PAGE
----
The number of countries which impeded the registration of unions increased from 89 countries in 2020 to 109 in 2021.
The right to official recognition through legal registration is an essential facet of the right to organise, since that is the first step that workers’ organisations must take in order to be able to function efficiently and represent their members adequately.
Between April 2020 and March 2021, authorities impeded the registration of, de-registered or arbitrarily dissolved unions in 109 countries out of 149.
All 18 countries impeded the registration of unions.
In Egypt, all independent unions were dissolved in March 2018. Since then, they have faced countless administrative hurdles, and many of them are still seeking official registration with the authorities.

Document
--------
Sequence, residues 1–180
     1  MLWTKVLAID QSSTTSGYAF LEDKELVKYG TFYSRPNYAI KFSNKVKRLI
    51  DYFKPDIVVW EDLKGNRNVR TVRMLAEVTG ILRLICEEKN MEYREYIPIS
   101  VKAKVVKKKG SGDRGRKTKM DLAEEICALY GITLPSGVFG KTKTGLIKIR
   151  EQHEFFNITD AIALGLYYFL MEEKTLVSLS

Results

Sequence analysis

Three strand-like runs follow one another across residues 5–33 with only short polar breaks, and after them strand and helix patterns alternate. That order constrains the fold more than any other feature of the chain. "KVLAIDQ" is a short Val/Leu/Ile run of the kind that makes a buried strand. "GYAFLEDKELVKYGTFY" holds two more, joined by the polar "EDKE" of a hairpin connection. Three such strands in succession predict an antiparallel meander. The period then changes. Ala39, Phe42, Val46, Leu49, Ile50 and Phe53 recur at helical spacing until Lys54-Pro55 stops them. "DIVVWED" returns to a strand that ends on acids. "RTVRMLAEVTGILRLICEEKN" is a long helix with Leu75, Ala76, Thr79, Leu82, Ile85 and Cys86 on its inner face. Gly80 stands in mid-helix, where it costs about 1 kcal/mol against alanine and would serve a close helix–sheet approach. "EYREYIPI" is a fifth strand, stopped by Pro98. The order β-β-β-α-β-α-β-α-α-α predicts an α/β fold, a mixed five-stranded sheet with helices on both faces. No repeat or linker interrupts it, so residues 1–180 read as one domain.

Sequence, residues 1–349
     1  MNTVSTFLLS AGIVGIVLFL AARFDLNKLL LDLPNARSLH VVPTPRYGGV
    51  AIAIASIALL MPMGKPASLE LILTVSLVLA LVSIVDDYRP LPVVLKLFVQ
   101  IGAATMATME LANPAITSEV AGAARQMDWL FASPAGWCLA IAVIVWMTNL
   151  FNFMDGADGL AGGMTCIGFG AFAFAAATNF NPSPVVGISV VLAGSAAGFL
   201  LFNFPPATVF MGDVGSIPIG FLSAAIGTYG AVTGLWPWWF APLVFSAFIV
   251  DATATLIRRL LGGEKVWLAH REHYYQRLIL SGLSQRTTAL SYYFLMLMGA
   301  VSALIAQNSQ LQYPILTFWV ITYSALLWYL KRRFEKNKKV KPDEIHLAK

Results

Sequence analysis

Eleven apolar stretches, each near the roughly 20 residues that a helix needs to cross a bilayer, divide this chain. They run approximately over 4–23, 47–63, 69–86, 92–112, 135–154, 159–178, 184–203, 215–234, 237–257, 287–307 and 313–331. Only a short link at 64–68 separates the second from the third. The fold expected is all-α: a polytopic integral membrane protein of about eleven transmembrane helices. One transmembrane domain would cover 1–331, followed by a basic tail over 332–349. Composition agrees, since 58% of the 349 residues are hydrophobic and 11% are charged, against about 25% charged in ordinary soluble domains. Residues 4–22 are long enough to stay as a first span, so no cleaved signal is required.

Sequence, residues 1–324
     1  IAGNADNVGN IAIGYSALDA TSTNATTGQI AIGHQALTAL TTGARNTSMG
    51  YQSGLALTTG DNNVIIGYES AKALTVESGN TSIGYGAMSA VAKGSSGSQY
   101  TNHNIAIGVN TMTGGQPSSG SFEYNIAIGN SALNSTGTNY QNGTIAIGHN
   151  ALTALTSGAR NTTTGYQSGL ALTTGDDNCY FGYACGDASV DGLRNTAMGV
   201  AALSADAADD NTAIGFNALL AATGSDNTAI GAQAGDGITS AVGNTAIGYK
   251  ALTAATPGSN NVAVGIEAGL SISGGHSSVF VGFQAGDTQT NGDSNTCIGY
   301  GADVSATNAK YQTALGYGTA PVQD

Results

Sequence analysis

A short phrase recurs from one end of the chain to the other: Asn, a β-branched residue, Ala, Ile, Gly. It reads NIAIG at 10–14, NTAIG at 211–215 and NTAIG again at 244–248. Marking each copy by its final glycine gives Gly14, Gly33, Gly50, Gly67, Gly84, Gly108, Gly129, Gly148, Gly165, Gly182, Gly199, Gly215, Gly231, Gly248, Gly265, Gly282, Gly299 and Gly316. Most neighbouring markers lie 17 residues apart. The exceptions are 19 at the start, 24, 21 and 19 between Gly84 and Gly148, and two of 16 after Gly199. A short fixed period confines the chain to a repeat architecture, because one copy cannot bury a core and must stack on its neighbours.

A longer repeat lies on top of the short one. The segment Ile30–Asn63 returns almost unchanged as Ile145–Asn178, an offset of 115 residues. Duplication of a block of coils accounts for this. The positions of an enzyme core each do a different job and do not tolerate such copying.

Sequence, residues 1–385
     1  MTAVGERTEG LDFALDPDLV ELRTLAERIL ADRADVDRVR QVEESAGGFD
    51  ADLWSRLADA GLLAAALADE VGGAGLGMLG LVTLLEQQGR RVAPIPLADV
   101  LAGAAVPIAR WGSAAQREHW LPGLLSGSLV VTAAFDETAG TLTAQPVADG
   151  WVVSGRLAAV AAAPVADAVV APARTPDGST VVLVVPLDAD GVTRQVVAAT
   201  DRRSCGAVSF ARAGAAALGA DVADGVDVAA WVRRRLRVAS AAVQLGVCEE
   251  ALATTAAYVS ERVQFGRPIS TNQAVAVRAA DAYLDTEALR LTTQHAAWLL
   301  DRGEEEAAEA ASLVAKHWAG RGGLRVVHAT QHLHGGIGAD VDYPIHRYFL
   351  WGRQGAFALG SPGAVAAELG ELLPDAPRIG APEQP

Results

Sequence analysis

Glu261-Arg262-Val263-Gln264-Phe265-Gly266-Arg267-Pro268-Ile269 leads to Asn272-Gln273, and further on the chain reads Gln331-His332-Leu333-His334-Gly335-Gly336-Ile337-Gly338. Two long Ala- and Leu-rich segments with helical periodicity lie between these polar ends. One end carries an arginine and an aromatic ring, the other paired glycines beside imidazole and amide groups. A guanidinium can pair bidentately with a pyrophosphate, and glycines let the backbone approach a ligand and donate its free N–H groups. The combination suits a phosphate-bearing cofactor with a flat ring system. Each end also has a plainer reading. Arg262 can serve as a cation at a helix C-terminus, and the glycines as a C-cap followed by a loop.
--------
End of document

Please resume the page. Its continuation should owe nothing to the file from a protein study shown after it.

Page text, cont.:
On 13 December 2020, the president of the Trade Union of workers in Gharbia directorate’s real estate taxes – whose status has been pending since April 2018 – presented a file requesting the license for establishment. Documents were received informally by the Manpower Directorate, and no official acknowledgment of receipt was given. On 31 December 2020, members of the trade union committee were stunned to be addressed a letter from the Directorate stating that it was forbidden to establish another union committee in the same enterprise and claiming that there was already one holding the same name. Moreover, the Directorate informed the independent union that the membership of workers would be automatically transferred to the already existing committee.